My obsession with figs is a relatively new thing. I probably had never eaten a fresh fig until my friend gave me some from the tree that was growing at a house she was renting. I sliced them, put them on my greek yogurt and drizzled them with honey. I was hooked. It was then that I decided, that I too must have a fig tree.
Here’s my little fig tree
After taking the Arcadia Edible Garden Tour last year and seeing an espaliered fig tree, I knew I must build an espalier for my fig tree. This would help keep the fig tree manageable and make reaching the figs relatively easy.
This is how it will look someday! (Hopefully)
Picture courtesy Landscape Resource
Anyway, on to the Caramelized Fig Ice Cream with mascarpone and candied pecans. Another friend of mine has a giant fig tree at her condo (I know, I pick good friends, right?). She had tons, literally tons of figs, so she gave me half a ton. Okay, maybe I exaggerate a little. She gave me a large quantity of figs so I decided to make fig ice cream. I searched the internet and found this recipe from Happyolks. I used a different ice cream recipe and candied pecans instead of the honey roasted pecans and it was delicious. My niece agreed. I think she was a little disappointed the next time she came over and I told her that I had eaten it all.
First I made the caramelized fig mixture. I could have just eaten it with a spoon, but decided I should save most of it for the ice cream. After I cooked the mixture, I let it cool and refrigerated it overnight.
Then I started the ice cream base. In a sauce pan I combined milk, cream and 1/2 cup of sugar. I cooked it until the sugar was dissolved. While the milk, cream and sugar mixture was heating up, in a separate bowl, I beat the eggs and 1/4 cup of sugar until they become thick and pale yellow. It looked like this-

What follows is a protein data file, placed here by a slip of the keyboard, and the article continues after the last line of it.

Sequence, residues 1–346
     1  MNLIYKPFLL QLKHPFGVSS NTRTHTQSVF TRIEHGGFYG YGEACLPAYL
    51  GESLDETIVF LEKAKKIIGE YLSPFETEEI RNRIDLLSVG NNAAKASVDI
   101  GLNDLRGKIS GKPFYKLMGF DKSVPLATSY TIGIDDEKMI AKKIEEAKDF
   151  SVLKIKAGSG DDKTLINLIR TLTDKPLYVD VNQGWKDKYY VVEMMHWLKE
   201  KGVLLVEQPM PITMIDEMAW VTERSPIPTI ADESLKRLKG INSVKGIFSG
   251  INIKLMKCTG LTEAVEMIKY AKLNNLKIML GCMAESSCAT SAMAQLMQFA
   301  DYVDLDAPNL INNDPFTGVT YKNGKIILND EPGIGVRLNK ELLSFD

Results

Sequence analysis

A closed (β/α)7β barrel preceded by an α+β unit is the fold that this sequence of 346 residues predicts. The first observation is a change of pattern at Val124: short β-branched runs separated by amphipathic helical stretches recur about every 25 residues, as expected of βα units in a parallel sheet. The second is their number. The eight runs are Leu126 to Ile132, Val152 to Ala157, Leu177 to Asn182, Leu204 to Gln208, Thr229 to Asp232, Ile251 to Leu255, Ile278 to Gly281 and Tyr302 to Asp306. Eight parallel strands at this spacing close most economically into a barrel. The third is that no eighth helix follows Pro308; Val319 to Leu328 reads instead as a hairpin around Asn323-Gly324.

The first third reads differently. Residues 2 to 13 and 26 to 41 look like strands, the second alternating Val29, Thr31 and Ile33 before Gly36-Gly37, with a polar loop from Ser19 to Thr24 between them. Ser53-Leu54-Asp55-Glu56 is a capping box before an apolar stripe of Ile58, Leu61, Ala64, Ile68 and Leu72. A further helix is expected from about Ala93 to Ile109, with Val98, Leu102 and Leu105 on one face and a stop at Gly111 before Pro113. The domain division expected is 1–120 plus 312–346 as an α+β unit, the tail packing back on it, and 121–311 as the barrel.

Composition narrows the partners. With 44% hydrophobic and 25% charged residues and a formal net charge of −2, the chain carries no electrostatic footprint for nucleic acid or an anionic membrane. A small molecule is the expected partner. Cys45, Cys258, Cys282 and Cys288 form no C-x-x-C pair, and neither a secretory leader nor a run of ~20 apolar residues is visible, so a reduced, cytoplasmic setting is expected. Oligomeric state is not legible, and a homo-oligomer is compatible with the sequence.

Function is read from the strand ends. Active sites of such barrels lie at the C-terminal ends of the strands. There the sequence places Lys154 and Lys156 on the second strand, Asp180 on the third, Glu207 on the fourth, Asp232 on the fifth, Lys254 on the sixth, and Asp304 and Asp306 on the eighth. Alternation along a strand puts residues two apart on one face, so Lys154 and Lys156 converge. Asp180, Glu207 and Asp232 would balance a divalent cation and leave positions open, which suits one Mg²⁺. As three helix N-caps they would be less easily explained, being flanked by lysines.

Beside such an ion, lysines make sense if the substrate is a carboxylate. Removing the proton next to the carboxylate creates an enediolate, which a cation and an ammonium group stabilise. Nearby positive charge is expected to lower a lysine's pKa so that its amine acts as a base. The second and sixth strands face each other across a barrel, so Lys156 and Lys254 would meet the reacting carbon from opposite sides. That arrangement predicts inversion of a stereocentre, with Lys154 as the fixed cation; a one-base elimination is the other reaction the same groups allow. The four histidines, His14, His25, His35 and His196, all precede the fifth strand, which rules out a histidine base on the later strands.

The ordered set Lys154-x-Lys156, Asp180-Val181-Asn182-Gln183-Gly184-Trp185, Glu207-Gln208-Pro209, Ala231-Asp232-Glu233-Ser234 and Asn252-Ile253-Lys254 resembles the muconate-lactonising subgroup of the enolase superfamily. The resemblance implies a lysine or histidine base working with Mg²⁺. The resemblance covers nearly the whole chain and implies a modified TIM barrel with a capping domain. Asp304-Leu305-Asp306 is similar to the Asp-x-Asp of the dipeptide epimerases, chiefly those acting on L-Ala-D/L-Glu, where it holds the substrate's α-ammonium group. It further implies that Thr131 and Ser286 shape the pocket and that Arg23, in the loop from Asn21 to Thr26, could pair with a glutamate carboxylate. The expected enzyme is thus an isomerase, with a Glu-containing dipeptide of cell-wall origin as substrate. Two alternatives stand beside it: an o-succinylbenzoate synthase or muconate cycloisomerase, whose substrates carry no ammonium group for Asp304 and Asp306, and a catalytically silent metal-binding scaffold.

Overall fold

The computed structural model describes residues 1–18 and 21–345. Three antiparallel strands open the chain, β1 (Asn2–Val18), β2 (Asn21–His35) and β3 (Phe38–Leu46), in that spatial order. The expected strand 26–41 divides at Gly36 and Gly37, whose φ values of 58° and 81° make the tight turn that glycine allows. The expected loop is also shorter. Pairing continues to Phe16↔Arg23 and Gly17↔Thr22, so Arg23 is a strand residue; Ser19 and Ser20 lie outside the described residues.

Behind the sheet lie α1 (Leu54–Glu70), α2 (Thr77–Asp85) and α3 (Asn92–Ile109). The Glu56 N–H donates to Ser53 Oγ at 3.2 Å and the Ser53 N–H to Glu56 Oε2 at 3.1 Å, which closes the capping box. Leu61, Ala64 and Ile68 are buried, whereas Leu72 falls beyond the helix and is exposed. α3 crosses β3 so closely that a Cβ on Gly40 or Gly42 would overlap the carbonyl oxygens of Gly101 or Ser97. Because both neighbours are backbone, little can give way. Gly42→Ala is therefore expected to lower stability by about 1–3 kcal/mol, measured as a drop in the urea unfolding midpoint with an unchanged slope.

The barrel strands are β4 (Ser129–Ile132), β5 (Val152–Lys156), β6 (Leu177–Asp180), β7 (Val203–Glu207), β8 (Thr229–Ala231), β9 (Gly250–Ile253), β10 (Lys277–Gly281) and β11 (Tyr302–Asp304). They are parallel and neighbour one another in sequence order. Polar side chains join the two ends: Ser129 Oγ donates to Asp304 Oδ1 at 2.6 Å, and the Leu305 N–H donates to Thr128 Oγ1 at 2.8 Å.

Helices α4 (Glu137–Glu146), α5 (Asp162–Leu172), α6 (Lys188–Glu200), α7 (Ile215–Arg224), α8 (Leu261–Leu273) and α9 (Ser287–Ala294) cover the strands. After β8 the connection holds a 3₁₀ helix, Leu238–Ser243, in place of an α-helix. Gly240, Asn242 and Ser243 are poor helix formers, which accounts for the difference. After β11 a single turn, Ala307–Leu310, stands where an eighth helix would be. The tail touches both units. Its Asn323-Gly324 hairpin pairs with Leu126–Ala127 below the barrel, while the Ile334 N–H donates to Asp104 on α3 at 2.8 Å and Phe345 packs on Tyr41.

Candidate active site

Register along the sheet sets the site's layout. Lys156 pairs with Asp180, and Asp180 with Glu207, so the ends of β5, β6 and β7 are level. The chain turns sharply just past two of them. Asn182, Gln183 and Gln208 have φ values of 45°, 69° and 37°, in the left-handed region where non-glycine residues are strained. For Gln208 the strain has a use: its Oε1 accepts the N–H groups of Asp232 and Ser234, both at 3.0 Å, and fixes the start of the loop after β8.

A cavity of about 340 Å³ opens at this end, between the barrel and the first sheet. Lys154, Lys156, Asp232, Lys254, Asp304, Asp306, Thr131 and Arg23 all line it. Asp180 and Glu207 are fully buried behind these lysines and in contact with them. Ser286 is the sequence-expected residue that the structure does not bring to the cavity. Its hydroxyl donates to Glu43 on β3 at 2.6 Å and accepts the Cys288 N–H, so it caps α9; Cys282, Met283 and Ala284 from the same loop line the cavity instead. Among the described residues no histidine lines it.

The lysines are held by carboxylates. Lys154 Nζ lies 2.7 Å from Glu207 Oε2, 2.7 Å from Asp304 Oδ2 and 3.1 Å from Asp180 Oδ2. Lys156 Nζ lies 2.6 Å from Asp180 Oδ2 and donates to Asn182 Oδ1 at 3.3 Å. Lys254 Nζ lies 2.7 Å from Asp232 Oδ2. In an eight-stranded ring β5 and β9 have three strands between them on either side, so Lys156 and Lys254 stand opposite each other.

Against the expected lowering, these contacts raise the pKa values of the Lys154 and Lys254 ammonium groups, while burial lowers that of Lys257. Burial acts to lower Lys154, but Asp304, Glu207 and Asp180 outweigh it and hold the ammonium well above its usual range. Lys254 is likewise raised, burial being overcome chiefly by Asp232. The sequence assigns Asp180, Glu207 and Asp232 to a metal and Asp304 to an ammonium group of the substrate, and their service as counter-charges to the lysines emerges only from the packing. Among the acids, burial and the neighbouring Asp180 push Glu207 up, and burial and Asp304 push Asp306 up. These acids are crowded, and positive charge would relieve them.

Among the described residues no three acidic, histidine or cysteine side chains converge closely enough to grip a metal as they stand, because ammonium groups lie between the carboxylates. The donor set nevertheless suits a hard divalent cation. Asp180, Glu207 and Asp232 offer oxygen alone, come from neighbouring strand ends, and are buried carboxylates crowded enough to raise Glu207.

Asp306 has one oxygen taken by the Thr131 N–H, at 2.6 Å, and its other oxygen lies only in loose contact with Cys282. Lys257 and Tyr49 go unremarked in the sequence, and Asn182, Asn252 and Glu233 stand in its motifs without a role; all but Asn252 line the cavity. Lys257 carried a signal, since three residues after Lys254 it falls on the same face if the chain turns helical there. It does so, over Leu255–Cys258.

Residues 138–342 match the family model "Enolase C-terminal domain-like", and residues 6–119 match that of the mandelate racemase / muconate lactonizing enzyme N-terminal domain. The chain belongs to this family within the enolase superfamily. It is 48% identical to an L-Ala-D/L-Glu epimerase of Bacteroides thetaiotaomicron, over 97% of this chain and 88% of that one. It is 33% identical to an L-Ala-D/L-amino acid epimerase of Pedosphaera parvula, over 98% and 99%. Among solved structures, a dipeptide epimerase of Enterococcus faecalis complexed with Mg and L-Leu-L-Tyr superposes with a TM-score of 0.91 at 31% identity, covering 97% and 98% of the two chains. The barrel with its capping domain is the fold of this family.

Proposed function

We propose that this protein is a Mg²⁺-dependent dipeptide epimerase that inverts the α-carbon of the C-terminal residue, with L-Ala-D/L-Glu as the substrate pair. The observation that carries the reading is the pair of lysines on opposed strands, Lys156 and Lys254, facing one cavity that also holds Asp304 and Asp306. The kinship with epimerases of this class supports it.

Next I took a 1/2 cup of the warm milk mixture and beat it into the egg mixture. Then I slowly added the egg mixture into the pan with the milk mixture. I cooked it over low heat until it thickened and the mixture coated the back of a spoon. About 7-10 mins. I poured the mixture through a mesh strainer and then stirred in vanilla extract and cooled it overnight in the refrigerator.
The next day, I froze the ice cream. This is the most exciting part, because I got to finally taste the ice cream. Ice cream is not a good thing to make if you need instant gratification. It is a long project. When the ice cream was almost frozen, I poured in the fig mixture, nuts and mascarpone. I dropped little spoonfuls of mascarpone so it wouldn’t be one giant lump. I froze the ice cream for a few hours. It was worth the wait. I need to make more soon. Hopefully I can use my own figs this time!